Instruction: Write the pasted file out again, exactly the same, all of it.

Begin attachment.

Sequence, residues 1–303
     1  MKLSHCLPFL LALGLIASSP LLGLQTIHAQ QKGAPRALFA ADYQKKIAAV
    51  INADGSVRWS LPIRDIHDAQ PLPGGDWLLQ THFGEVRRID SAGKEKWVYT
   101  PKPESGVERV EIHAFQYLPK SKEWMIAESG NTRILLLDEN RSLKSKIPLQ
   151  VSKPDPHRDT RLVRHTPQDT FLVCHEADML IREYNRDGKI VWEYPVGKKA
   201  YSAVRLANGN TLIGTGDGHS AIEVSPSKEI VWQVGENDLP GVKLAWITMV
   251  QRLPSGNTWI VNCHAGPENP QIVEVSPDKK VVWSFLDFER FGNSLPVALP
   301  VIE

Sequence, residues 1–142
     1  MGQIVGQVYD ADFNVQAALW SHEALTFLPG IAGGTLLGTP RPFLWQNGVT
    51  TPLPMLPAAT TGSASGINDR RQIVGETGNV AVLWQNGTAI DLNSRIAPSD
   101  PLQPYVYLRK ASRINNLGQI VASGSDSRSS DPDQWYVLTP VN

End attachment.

Sequence, residues 1–303
     1  MKLSHCLPFL LALGLIASSP LLGLQTIHAQ QKGAPRALFA ADYQKKIAAV
    51  INADGSVRWS LPIRDIHDAQ PLPGGDWLLQ THFGEVRRID SAGKEKWVYT
   101  PKPESGVERV EIHAFQYLPK SKEWMIAESG NTRILLLDEN RSLKSKIPLQ
   151  VSKPDPHRDT RLVRHTPQDT FLVCHEADML IREYNRDGKI VWEYPVGKKA
   201  YSAVRLANGN TLIGTGDGHS AIEVSPSKEI VWQVGENDLP GVKLAWITMV
   251  QRLPSGNTWI VNCHAGPENP QIVEVSPDKK VVWSFLDFER FGNSLPVALP
   301  VIE

Sequence, residues 1–142
     1  MGQIVGQVYD ADFNVQAALW SHEALTFLPG IAGGTLLGTP RPFLWQNGVT
    51  TPLPMLPAAT TGSASGINDR RQIVGETGNV AVLWQNGTAI DLNSRIAPSD
   101  PLQPYVYLRK ASRINNLGQI VASGSDSRSS DPDQWYVLTP VN